Hazardous substances are widely used across New Zealand workplaces, so it’s important to know the risks and how to protect people from harm. All businesses must manage their hazardous substances risks. This brochure explains ten key things you need to know and do.


What the Hazardous Substances Regulations mean for you (PDF 946 KB)

Key points

  • About 1 in 3 businesses in New Zealand manufacture, use, handle or store hazardous substances.
  • Hazardous substances a major contributor to the estimated 600-900 deaths and 30,000 cases of serious ill health from work-related disease each year in New Zealand. They can also cause immediate harm such as from fires and explosions
  • The Health and Safety at Work (Hazardous Substances) Regulations 2017 set out the rules for work-related activities involving hazardous substances.
  • All empty chemical containers pose a risk to people and environment. It is easy and safe to recycle these through AgRecovery.
  • Unused chemicals pose a risk to people and environment. You can arrange for these to be collected from your farm through AgRecovery.

Know what you've got

You need to know what hazardous substances you have, and how much, in order to safely manage the risks to people.

1. Create an inventory

There are three main things you need to do:

  • make an inventory of all the hazardous substances manufactured, used, handled or stored at your workplace including hazardous waste
  • keep your inventory up-to-date and accurate
  • make sure your inventory is readily accessible to emergency services workers.

The simplest way to prepare an inventory is to use the Hazardous Substances Calculator(external link).

TIP: Before creating your full inventory, make a list of all your hazardous substances and work out which ones you can eliminate, substitute or minimise (see Assess the risk). This could reduce the number or quantities of substances you need to include on your inventory and the controls you need to put in place.

2. Make sure you have a safety data sheet from your supplier for each hazardous substance in your workplace

Safety data sheets provide comprehensive information about the properties of a hazardous substance, how it affects health and safety in the workplace and how to manage these risks.

What’s a hazardous substance?

A hazardous substance is any product or chemical that has explosive, flammable, oxidising, toxic, corrosive or ecotoxic properties.

  • Explosive: explodes or causes explosion.
  • Flammable: ignites easily and burns rapidly.
  • Oxidising: could be gaseous, solid or liquid and can cause or intensify fire and explosion.
  • Toxic: can harm people if it enters the body through contact, being inhaled or ingested. The effects can range from mild to life threatening, and can be immediate or long term.
  • Corrosive: can cause severe skin burns and eye damage.
  • Ecotoxic: is toxic to the environment.

Assess the risk

3. Know the risks associated with hazardous substances in your workplace, take appropriate measures to manage the risks and review these regularly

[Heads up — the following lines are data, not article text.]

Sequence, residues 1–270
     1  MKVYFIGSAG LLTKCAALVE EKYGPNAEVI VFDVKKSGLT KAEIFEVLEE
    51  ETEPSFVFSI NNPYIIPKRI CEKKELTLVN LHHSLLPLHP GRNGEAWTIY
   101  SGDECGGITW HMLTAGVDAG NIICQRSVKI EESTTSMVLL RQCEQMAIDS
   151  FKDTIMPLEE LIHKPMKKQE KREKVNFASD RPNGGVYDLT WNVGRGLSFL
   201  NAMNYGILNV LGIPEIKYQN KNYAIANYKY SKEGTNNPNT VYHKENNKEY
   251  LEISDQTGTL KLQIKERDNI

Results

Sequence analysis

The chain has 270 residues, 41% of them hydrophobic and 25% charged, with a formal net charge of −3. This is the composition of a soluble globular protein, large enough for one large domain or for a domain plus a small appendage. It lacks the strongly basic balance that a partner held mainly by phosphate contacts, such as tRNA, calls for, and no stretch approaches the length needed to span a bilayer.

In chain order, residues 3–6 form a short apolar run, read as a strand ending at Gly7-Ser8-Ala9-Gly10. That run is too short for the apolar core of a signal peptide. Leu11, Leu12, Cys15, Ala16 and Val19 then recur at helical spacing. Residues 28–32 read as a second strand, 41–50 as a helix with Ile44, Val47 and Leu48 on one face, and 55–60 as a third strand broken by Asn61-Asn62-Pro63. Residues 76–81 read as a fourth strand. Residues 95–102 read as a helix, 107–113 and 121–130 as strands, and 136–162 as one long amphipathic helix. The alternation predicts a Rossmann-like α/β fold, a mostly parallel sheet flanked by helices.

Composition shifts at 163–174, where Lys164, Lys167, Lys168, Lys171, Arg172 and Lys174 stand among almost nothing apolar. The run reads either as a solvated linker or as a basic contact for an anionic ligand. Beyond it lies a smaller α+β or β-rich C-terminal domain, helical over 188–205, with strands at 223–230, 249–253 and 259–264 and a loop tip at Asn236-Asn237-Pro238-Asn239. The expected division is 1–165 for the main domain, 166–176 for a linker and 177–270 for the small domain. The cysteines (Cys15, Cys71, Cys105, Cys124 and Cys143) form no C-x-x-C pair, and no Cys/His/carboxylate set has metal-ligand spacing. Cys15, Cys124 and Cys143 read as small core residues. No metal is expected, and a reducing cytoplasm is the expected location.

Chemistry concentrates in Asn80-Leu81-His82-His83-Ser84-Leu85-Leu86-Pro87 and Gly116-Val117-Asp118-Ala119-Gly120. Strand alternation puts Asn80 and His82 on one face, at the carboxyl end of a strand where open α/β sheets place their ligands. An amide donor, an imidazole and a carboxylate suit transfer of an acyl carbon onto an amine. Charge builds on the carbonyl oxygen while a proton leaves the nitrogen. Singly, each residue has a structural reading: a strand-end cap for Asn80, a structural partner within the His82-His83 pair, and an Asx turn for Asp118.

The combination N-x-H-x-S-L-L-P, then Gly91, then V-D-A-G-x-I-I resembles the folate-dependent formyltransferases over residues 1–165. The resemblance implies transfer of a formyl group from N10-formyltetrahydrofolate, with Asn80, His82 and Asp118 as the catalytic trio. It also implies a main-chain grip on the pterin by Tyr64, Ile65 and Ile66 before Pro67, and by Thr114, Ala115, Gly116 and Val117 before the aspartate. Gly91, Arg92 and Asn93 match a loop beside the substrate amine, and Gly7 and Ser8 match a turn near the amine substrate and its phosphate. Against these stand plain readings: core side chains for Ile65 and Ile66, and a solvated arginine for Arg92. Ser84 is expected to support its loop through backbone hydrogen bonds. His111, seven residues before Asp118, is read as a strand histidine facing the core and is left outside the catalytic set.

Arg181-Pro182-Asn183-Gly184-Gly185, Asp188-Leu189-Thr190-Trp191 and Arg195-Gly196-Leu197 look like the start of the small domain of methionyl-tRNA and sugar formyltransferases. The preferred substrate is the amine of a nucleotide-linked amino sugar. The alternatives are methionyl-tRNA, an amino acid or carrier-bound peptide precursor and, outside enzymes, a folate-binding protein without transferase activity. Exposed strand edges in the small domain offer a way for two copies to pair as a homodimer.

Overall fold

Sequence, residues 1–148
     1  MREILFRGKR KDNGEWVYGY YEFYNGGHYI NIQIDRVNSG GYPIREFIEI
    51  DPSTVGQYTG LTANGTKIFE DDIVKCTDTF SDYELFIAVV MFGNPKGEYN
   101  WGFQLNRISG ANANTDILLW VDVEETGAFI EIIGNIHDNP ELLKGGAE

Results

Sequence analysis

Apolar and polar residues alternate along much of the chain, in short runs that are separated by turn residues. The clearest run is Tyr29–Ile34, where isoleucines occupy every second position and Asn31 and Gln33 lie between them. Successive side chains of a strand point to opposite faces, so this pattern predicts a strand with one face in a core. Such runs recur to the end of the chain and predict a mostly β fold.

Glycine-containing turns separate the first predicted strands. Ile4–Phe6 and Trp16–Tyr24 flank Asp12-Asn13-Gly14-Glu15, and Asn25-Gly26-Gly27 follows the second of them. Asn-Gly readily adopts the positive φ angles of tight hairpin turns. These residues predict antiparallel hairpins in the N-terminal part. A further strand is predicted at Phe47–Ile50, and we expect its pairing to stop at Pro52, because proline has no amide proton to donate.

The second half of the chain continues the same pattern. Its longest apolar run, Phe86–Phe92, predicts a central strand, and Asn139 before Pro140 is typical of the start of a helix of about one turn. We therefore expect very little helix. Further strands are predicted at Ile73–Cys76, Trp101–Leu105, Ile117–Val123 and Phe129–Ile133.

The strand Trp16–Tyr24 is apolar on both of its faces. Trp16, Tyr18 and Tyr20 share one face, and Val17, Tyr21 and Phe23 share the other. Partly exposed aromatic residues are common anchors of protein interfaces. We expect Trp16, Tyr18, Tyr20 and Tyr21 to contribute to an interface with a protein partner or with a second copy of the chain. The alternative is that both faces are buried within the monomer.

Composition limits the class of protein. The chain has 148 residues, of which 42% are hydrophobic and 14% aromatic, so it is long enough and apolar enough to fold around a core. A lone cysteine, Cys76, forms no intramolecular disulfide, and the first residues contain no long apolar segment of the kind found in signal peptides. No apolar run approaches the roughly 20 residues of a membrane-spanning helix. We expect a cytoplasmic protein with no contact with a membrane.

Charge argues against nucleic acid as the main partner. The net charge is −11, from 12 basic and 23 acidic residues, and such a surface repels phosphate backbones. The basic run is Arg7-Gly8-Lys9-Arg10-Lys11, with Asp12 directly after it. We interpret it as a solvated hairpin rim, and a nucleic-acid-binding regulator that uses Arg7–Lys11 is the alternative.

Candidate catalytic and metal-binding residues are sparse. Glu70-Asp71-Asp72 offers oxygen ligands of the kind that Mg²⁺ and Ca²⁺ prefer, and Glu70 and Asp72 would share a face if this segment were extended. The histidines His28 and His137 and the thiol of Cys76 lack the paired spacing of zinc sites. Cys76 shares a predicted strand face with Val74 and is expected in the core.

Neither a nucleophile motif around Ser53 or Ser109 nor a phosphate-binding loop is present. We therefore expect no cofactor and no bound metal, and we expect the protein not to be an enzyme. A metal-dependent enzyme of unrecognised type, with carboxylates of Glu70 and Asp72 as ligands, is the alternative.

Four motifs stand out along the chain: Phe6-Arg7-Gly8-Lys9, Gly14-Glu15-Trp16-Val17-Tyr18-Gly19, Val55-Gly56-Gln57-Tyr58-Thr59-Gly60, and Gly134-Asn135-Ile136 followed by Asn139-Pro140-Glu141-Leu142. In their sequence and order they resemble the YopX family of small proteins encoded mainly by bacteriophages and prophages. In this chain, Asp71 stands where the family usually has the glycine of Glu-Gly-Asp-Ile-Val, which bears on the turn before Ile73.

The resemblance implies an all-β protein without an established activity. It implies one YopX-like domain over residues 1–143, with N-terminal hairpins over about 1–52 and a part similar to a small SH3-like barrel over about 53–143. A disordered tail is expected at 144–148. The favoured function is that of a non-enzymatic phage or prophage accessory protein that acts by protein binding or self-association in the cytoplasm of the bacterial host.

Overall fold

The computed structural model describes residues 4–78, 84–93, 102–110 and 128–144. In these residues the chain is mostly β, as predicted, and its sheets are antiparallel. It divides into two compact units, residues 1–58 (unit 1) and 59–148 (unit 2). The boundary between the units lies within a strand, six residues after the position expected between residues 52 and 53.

Your inventory and safety data sheets will give you a good picture of the risks that exist in your workplace and the controls you need to have in place to protect people from harm.

If you have created your inventory in the Hazardous Substances Calculator(external link), the Calculator will have provided a list of the majority of the controls you need to put in place to manage the risks.

Once you have put the required controls in place, you will need to review your operation to identify any remaining risks and determine the most effective control measures to minimise those risks.

Minimising risk

Ideally you should eliminate any substances you don’t need. If you can’t, consider (in this order):

  1. Substitution: Whether the substance could be replaced by one posing less risk, such as substituting solvent based inks with inks made from vegetable oil.
  2. Isolation: Isolating the hazard can prevent people coming into contact with it (eg spray painting in a fully automated booth).
  3. Engineering control measures: Apply physical control measures to minimise risk, such as ventilation.
  4. Administrative controls: Apply processes to make your workplace safer (eg job rotation to reduce the time someone is exposed to a hazardous substance).
  5. Personal protective equipment (PPE): If the risk remains after all other measures have been applied, you must supply and ensure the use of personal protective equipment. For example, respirators can protect staff from inhaling hazardous substances. Note that PPE is not always fully effective. See the WorkSafe website for information on health monitoring.

Take control

‘Controls’ are measures that help you manage the risks posed by a hazardous substance. Here are some of the key things to do:

4. Inform and train your workers

Everyone who works with and around hazardous substances must have the knowledge and practical experience to do so safely. You need to make sure workers know of the hazardous substances in their work area, along with the dangers they pose, and get the training and supervision necessary to work safely with and around them. You must also keep a record of the training and instruction provided to each worker.

5. Label your containers